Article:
There’s lots of scaffolding, cranes, and hammering in New York City these days. Construction spending has nearly returned to pre-recession highs when accounting for inflation, with nearly $11 billion spent on residential construction this past year.
However, these buildings aren’t for just anyone.
“They’re usually very tall, very large, and in the tens of millions of dollars in asking prices,” says Richard Anderson, president of the New York Building Congress. He says the construction here is now dominated by ultra luxury apartment buildings; a big change from 5 or 10 years ago. “Then it was more a range of housing, more outer borough housing, more affordable housing. Now, we’re spending more money but getting less housing units.”
There’s even something now referred to as Billionaire’s Row in midtown.
“This apartment is over 4,000 square feet,” Jeannie Woodbrey says casually, entering a half-floor apartment on the 58th floor of One57, a residential tower in Manhattan where she’s a senior sales executive. Central Park stretches out before the windows like a private runway.
“This one starts at 27, up to about 29, depending on the floor,” she explains, referring to the price tag (in millions).
All those millions buy three bedrooms, a big open living room, and a slew of amenities, including access to a pool that has music from Carnegie Hall piped in underwater.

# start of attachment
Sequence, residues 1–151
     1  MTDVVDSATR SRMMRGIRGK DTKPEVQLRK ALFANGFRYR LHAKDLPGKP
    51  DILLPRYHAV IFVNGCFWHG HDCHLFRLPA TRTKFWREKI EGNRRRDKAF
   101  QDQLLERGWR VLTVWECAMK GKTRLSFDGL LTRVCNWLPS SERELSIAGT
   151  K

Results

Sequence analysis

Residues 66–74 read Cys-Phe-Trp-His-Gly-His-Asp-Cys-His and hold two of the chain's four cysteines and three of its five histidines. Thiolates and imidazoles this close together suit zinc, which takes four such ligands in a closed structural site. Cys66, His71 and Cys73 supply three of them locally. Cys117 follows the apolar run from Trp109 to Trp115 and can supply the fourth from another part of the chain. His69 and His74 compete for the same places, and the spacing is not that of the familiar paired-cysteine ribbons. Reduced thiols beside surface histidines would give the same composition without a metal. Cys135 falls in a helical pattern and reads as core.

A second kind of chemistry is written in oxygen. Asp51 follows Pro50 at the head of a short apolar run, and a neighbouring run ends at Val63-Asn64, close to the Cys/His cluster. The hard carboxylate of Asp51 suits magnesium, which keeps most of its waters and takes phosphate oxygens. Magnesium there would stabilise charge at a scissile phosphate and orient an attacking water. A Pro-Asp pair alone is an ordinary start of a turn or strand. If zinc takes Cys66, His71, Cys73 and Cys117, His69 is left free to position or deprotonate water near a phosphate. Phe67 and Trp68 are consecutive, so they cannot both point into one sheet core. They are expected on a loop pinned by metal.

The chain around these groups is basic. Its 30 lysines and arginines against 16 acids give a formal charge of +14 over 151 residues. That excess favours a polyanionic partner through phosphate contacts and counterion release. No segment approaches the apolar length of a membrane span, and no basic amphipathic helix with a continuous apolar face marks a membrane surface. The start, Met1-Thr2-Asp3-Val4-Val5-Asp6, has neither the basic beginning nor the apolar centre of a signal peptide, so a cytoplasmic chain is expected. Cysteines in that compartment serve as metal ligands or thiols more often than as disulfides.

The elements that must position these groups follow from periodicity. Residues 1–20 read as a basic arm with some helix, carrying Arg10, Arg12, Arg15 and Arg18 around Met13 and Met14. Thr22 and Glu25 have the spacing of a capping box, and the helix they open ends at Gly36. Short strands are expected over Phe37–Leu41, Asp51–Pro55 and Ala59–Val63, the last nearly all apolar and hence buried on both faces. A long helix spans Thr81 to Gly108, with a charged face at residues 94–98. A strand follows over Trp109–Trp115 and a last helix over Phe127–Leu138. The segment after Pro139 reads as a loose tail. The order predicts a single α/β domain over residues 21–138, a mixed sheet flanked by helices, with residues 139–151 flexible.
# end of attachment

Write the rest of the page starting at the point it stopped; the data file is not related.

“I describe this phenomenon as, 'We’re building the world’s most expensive bank safety deposit boxes,'” says Jonathan Miller, president of Miller Samuel Real Estate Appraisers. “Essentially, the consumer buys one of these units, puts their valuables in it and then rarely visits. And it’s not unique to New York. Miami is seeing this, San Francisco, Los Angeles.”
Miller says the uber wealthy, many of them foreign, are looking for a place to park their money — many recent luxury sales have been all-cash deals.
High demand and high prices have encouraged developers to build lots of these super-lux buildings — perhaps too many.
“The Manhattan development market has a problem,” Miller says. “It’s facing too much supply with a steady demand. So when people say the market’s been softening, what they’re really saying is we’ve been building too much. The demand hasn’t really changed.”
He doesn’t believe it’s a bubble, but says the pace of sales is slowing and that may leave some planned projects on the drawing board.
The news was first reported on http://www.marketplace.org/
- New York
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